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Decommissioning problems with Vermont Yankee Nuclear reactor


Entergy Corp., the company that runs the reactor, is plagued by financial problems, and operating the Vermont plant was an expense it could no longer afford. In late August, Entergy announced it would close the plant, ironically just days after the Louisiana corporation won a long-running court battle with the state over the right continue operating the Vernon facility for an additional 20 years.

Entergy amended its application with the Public Service Board and is now seeking a one year license to operate the plant through the end of 2014, when Vermont Yankee is slated to close.

The board held off from ruling on the relicensure case at the request of the Shumlin administration while state officials settled differences over decommissioning, the economic impact of the plant closure, hot water discharges into the Connecticut River and a generation tax.

Many of those issues were resolved when the state and Entergy reached an agreement last week that sets a decommissioning completion date of 10 to 15 years, decades sooner than required by the federal Nuclear Regulatory Commission’s 60-year timeframe. Entergy also agreed to pay millions of dollars in payments to the state in tax revenues and in support for regional economic development efforts. In addition, the agreement settled all pending federal litigation.

The settlement is contingent on the Public Service Board approving the plant’s certificate of public good before March 31, 2014.

There are other outstanding issues that have yet to be resolved. The two parties disagree over whether Entergy’s Decommissioning Trust Fund is sufficient to support decommissioning. In addition, the state and the company do not yet have a common understanding of how the site will be restored. Entergy must file a decommissioning plan with the NRC after the plant is closed.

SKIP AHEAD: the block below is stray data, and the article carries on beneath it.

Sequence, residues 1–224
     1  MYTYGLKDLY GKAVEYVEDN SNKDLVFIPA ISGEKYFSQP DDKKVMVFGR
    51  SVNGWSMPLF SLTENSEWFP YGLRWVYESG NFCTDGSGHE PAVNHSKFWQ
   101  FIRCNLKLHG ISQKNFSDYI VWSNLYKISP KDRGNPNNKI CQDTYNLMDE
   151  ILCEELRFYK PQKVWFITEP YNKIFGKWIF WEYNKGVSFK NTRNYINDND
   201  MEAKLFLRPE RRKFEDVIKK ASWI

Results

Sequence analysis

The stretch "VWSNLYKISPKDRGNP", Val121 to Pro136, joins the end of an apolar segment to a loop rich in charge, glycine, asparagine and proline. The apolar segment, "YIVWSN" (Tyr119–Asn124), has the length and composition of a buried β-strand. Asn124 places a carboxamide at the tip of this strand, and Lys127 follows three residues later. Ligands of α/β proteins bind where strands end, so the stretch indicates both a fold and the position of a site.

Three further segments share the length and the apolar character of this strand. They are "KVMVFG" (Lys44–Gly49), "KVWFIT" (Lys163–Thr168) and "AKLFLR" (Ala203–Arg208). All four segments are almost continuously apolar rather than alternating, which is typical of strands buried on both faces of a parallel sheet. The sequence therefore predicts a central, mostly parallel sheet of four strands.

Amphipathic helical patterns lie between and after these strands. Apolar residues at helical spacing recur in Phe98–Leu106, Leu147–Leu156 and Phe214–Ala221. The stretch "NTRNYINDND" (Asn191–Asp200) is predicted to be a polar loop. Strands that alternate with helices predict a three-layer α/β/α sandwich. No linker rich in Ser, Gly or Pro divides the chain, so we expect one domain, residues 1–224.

The state is concerned that the 42-year old merchant plant’s worsening financial foundation could compromise the operational safety of the facility in the near term and the decommissioning process over the long haul.

It is unclear what the plant will do with 530 tons of radioactive waste stored on the premises. Vermont Yankee has 3,879 fuel rod assemblies submerged in a spent fuel pool that was originally designed to hold about 350. Spent fuel rods must be kept under water to prevent them from igniting, but once they are cooled, they can be transferred into long-term cement “dry casks.” Vermont Yankee will need 58 casks in all. Right now, the facility has 13. Each cask costs about $1 million.

The agreement requires that all the spent nuclear fuel stored on site pools be placed in dry cask storage, which Gov. Peter Shumlin said could take up to seven years.

Entergy’s decision to close Vermont Yankee was the result of declining wholesale market prices and competition with natural gas. Merchant plants are investor-funded; early this year a Swiss financial services firm UBS Securities downgraded Entergy Corp.’s stock and urged investors to sell.

The downgrade came on the heels of a report by UBS Securities that found Entergy “is unlikely to generate any meaningful cash” from wholesale commodities in 2013 and 2014.

Entergy’s nuclear fleet includes the Pilgrim Nuclear Power Station in Massachusetts, Vermont Yankee in Vermont, Indian Point Energy Center and the James A. Fitzpatrick Nuclear Power Plant in New York, and the Palisades Power Plant in Michigan.

January 1, 2014 - Posted by | decommission reactor

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